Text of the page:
They're all over the Capital Region. We even have a festival for them (you may have heard).
So, here are 20 facts about tulips.
5. The father of the Dutch obsession with tulips was botanist Carolus Clusius -- he's said to have popularized the flowers there. He was also the first to identify "broken tulips" -- a viral infection that caused beautiful streaking in the petals of the flowers.
6. Clusius' efforts created many new color variations of tulips, some of which became much sought after.
7. The demand for tulips set off "tulip mania" in the Netherlands around 1637, and prices for some varieties soared. The tulip depicted to the right -- the "Semper Augustus" -- was said to be the most expensive tulip during this period. The situation has been regarded as one of the first economic bubbles.
8. Clusius reportedly considered all the tulip hubbub distasteful and refused to sell his bulbs to speculators -- so people stole them.
9. The "mania" was hyped in a popular 1641 book called Extraordinary Popular Delusions and the Madness of Crowds, which was the definitive account for centuries. But a book published a few years ago -- Tulipmania by Anne Goldgar -- debunked many of the claims, and reported that the mania was actually much more limited and subdued.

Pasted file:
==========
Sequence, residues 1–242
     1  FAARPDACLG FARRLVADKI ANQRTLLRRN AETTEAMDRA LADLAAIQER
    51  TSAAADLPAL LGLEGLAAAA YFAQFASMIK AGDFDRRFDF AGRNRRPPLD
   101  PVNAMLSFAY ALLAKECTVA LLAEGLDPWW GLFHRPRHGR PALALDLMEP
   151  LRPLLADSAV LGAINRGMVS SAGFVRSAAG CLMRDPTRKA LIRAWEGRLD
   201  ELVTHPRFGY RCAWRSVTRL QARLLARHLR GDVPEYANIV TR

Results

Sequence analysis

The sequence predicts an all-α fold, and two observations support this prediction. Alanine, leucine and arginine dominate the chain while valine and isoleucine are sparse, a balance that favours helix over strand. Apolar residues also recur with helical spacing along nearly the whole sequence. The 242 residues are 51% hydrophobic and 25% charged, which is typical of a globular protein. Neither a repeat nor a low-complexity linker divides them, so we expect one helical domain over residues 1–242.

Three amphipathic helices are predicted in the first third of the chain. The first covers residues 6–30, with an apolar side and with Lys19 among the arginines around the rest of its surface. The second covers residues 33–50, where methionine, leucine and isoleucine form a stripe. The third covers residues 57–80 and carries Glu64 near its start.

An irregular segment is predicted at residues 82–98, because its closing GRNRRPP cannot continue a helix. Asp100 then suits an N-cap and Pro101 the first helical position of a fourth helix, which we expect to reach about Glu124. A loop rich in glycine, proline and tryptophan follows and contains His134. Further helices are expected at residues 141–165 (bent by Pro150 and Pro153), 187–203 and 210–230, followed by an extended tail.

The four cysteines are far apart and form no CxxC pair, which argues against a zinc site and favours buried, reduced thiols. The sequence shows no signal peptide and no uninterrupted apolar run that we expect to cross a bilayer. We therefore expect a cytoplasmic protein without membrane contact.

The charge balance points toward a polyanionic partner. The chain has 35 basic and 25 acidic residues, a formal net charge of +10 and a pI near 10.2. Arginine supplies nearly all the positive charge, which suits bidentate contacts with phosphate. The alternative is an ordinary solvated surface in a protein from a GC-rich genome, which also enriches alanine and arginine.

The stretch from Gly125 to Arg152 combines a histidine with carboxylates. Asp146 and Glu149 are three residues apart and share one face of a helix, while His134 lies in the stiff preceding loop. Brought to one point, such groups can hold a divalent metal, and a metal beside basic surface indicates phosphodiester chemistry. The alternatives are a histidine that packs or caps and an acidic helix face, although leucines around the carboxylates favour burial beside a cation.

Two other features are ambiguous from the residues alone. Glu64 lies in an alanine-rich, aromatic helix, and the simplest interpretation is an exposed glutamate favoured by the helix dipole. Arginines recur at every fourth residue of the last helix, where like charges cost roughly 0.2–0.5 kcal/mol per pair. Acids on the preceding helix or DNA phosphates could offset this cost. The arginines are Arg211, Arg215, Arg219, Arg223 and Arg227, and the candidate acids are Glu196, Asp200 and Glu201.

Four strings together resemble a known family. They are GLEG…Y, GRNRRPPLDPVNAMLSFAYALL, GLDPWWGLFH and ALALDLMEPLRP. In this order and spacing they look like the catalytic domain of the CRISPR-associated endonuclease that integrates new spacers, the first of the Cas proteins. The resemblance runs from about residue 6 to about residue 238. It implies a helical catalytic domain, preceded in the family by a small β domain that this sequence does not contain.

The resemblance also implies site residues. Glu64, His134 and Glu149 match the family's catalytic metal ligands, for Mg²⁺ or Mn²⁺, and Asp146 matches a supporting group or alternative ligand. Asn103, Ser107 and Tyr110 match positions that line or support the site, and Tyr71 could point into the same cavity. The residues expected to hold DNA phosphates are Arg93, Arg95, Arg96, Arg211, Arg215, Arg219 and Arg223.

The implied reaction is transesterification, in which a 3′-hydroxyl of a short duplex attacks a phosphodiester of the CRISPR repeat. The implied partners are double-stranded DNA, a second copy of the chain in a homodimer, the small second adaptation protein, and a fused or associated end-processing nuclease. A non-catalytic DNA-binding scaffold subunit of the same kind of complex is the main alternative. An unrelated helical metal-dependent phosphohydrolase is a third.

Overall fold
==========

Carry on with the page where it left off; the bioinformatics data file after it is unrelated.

12. The variegated tulips seen today (the ones with streaks) have almost always been bred to look like that -- and are not the result of the tulip break virus.
13. Tulips should be planted in the fall.
14. Tulips require vernalization to bloom. That is, the bulbs need a prolonged period of cold before they'll flower.
15. Tulip bulbs can be "forced" into blooming by storing them in a cold place for 12-16 weeks -- even the refrigerator.
16. Tulips are edible -- or, at least, parts of them are. The petals are said to range in taste from "a mild bean-like taste, to a lettuce-like taste, to no taste at all." (You should never eat petals that have been treated with chemicals.)
17. During WWII, some people in the Netherlands were forced to eat tulips because there wasn't any other food. "Bread made from tulips is not very good ... like wet sawdust" according to a Dutch man who grew up on a tulip farm during the war. (Also, part of the bulb is poisonous, apparently.)
18. There are a bunch of recipes that use tulip petals: as cups for mousse, accents for tuna, for salad dressing, and little dishes for appetizers. There's even a recipe for tulip wine, which is apparently "a lovely white".
19. The City of Albany plants more than 200,000 bulbs each year.
20. The "Orange Wonder" is Albany's official tulip -- as selected by Queen Wilhelmina of the Netherlands at the request of mayor Erastus Corning II.
image via Wikipedia
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